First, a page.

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If you have been accused of sexual assault or sexual misconduct on the campus of a college or university, you will go through the process of a Title IX investigation. One of the first things that the Title IX investigator will do after making initial contact and informing you that there are sexual misconduct allegations against you is to try to schedule a time to perform an interview with you.

At the time of the interview, it is likely that the investigator would not have informed you of anything more than the general nature of the allegations. You may not yet know who your accuser is or what your accuser has claimed you have done.

So, the question is, should you voluntarily participate in this interview with a Title IX investigator?

The only hard and fast rule regarding participation in a Title IX interview is that you should not participate in an interview with a Title IX investigator until you have had an opportunity to consult with an attorney who is experienced in handling Title IX matters. When you consult with an attorney, there are a number of factors that the attorney will consider in making a determination about whether or not you should participate in the interview.

First, the attorney will consider what is known about the allegations at that point. The more that is known about the allegations, the more informed your decision about whether or not to participate in the interview will be. If very little is known about the accuser or the allegations, that tends to weigh against participation.

Second, the attorney will consider whether or not criminal charges are likely as a result of the allegations. While the consequences that may be imposed by a college or university as a result of a Title IX investigation are serious, they pale in comparison to the consequences of a sexual assault conviction in the criminal justice system. A criminal conviction will likely result in prison time and mandatory sex offender registration. Therefore, protecting yourself against criminal prosecution is likely going to be a high priority, and may cause you to favor refusing to participate in a Title IX interview.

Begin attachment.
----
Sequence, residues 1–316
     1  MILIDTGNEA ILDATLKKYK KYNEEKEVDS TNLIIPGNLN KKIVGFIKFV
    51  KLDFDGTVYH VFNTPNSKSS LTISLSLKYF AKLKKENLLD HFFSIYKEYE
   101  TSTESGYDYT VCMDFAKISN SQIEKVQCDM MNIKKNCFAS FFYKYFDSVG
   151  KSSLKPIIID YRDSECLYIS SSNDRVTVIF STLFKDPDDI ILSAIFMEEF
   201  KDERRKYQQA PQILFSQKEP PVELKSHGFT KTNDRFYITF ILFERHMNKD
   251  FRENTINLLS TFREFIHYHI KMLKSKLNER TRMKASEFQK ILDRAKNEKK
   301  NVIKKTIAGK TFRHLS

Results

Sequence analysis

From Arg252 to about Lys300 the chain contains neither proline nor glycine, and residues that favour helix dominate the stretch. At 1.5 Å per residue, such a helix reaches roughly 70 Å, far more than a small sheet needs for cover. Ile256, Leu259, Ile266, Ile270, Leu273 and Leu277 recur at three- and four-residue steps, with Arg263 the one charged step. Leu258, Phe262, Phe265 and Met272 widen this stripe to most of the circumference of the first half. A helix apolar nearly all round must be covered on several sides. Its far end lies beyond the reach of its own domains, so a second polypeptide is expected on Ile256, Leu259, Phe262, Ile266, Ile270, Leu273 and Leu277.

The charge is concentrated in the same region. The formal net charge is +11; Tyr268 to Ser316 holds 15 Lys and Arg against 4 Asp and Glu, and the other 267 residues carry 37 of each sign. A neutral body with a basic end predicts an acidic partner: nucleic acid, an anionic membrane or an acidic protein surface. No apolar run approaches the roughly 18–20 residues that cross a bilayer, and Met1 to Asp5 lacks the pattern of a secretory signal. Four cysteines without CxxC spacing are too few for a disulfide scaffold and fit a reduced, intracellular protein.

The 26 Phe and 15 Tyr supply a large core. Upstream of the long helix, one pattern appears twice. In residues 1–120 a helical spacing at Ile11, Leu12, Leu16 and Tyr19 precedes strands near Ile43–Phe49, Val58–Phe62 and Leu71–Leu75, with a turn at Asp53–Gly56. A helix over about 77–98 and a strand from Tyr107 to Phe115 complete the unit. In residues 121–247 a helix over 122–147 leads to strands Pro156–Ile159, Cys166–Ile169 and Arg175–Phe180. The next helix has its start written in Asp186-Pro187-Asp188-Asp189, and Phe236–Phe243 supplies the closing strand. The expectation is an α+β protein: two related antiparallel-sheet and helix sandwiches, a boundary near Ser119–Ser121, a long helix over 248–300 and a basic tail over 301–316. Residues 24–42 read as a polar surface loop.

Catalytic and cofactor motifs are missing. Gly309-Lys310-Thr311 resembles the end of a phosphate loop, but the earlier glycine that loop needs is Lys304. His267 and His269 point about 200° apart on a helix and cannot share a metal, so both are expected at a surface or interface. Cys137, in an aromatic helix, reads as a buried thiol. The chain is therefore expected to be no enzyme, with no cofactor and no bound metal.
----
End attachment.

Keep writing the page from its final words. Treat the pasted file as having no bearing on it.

Third, your ability to advocate for yourself and tell your own story will be taken into consideration. While your attorney can assist you in a Title IX proceeding, the schools often have rules that don’t permit the attorney to speak on your behalf the same way that the lawyer could do for you in court. If you come across as nervous, hyper, not credible, or negatively in some other way, participation in the interview is a bad idea.

Fourth, you and your lawyer will consider what is at stake, and have to weigh the risks and benefits to an interview carefully. Often, you will be facing severe sanctions from the school, such as suspension or expulsion. You also may stand to lose scholarships, jobs, housing, and tuition. Sometimes submitting to an interview can be helpful; sometimes it can put the nail in your coffin. You need to spend time discussing all of the facts of your case with an attorney so that you can make the best decision possible.

There is not an easy or simple answer to whether or not you should participate in a Title IX interview. The best thing that you can do is to consult with a sex crime lawyer who is experienced in handling Title IX matters, and take the advice of your attorney.



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